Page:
RIDDEN: 2009 Kawasaki Ninja ZX-10R

Written by Text & Photos By: Paul Mason on .

PRN Gets Taken For a Ride by Kawasaki’s Ninja ZX-10R

After recently running a story on Kawasaki’s KMIS (Kawasaki Ignition Management System) (not traction control!) in their flagship supersport bike the Ninja ZX-10R my interest was sparked and I decided to take one for a ride.

en_ZX-10R_action_12034_optFirst off, like most modern bikes, the looks of the ZX-10 gets a love it or hate it kind of response from most people. Although I was of the ‘hate it’ clan, after spending some personal time with the machine, I have to say I’ve come around and have become a fan. I’ve noticed that if you look closely at any one part, the individual pieces do look a little strange. However stepping back and taking in the entire package, it really is a work of art.

Over the past fifteen years or so, the sportbike class of motorcycles has become more and more just race bikes, with just enough lights and mirrors attached to be considered ‘street’ legal. As cool as this is, it has led to a few problems with rideability, and overall fit and finish. Race bikes are built for nothing other than to put laps down on a track. Street bikes have a much more daunting task – giving an enjoyable ride to the consumer.

Well the engineers at Kawasaki have done an incredible job of producing a bike that’s capable enough to lead superbike racer extraordinaire Jordan Szoke to multiple championships, while remaining rideable and refined for the average consumer to ride as weekend warriors. A very smooth powerband, slick shifting tranny, a relatively quiet rider cockpit, and Ohlins steering damper fitted as stock, all make for an award winning package.

IMG_3303_optOk, so you want to know about this ignition management system (not traction control) and how it affects the ride. Well the idea behind this is to prevent undesired spikes in engine RPM. This would come into effect in a situation where the throttle position is consistent but the engine RPMIMG_3310_opt spikes because of wheelspin caused by road conditions and not rider input. If you want to spin the wheel, you can, but if you hit a puddle the ignition control will keep things in check.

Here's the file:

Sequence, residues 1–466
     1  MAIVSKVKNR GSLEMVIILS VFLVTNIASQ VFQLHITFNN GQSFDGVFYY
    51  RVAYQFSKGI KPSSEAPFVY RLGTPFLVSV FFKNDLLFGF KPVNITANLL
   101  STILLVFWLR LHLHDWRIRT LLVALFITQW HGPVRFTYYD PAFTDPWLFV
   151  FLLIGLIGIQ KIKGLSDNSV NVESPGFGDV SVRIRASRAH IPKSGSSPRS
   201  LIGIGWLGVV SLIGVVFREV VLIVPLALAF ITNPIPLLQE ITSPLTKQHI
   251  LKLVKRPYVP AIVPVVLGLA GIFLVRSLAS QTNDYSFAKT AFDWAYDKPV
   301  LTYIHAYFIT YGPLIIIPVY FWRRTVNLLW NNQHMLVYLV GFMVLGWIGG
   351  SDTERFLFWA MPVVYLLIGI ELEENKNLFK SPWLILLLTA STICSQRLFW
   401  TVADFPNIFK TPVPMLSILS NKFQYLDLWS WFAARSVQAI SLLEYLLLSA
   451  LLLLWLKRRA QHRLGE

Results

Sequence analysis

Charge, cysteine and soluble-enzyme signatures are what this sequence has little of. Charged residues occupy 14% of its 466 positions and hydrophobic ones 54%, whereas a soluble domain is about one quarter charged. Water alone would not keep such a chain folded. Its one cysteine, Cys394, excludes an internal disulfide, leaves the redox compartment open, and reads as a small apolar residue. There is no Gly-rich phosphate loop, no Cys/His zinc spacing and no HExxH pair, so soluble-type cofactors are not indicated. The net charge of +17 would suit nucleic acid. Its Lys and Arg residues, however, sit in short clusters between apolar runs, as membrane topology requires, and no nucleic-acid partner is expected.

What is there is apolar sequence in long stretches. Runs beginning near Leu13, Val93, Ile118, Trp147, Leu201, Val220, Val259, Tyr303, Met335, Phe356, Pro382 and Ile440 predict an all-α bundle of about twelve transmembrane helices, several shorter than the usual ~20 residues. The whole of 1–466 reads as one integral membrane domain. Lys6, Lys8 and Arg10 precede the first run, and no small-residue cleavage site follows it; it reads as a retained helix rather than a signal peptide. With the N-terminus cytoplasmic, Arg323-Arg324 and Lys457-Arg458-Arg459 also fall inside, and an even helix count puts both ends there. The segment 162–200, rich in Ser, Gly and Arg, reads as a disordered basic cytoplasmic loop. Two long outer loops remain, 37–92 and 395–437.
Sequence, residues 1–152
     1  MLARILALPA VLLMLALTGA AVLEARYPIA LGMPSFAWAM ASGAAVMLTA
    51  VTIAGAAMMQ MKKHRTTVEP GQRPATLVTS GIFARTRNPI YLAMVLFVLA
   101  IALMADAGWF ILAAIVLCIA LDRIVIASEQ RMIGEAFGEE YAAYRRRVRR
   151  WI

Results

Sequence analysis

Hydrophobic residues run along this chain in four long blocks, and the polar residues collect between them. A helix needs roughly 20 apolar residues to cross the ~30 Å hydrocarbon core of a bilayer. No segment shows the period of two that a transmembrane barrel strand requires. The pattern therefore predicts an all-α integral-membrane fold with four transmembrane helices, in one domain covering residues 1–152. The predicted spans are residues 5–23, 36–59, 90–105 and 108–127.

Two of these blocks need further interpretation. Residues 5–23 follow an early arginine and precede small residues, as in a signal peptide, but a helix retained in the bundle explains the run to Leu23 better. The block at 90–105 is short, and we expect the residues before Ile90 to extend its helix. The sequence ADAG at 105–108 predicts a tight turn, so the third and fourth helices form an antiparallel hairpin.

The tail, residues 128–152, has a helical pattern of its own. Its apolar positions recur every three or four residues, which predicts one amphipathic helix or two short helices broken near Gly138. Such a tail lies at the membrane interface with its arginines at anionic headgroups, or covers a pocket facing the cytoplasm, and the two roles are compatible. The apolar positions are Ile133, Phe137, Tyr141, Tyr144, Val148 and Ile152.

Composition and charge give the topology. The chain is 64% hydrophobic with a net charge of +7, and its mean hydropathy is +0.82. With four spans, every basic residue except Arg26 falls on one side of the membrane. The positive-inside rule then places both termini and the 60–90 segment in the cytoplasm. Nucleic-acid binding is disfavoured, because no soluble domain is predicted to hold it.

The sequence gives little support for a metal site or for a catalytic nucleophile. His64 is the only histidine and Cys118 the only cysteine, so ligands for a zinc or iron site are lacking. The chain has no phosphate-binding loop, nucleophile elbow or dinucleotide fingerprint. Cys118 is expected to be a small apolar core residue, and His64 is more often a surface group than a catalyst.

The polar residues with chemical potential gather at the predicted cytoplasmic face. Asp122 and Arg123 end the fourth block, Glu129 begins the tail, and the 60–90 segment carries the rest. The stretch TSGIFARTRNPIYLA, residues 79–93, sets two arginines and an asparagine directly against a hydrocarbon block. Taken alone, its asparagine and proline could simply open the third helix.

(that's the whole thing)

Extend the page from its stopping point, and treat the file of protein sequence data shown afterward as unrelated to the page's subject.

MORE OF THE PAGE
We were all curious how this would effect aggressive riding both on the track and the street. Although we never got the chance to hit the track, we were met with less than desirable conditions for many of our street rides. To get right to the point we never noticed the KIPS kick in. We could basically spin the rear wheel at any given time, whether it was in a straight line or mid corner. With that said the KIPS was designed not to interfere with a riders desire to control the wheel spin. And although we never felt the KIPS working, it may have been that it works so well, we just never noticed it. So to put that argument to rest, there is no traction control on the ZX-10R.

Back to the rest of the bike, we are proud to say that Kawasaki has made a real winner with this one. As stated before, the fit and finish is top notch, street rideability is no problem, and the shear numbers it puts up at the track are simply amazing. If you’re in the market for a big bore street bike, or want to take a run at the Canadian Superbike Championship (and like the colour green) run down to your local Kawasaki dealer, and get

THE SPECS

Engine – 998cc DOHC, liquid cooled, inline four
Bore and Stroke – 76.0 x 55.0mm
Fuel Injection – DFI w/ 43mm Throttle bodies, two injectors per cylinder
Transmission – 6-speed
Forks - 43mm inverted fork with DLC coating
Shock - Bottom-Link Uni-Trak
Front Tire - 120/70 ZR17
Rear Tire - 190/55 ZR17
Front Brake - Dual semi-floating 310 mm petal discs with dual four-piston radial-mount calipers
Rear Brake - Single 220mm petal disc with single-bore pin-slide aluminum piston caliper
Transmission - 6-speed
Seat Height – 830mm
Wheelbase – 1,415 mm
Dry Weight - 179 kg
Fuel Capacity – 17 liters
MSRP - $14,599 CDN

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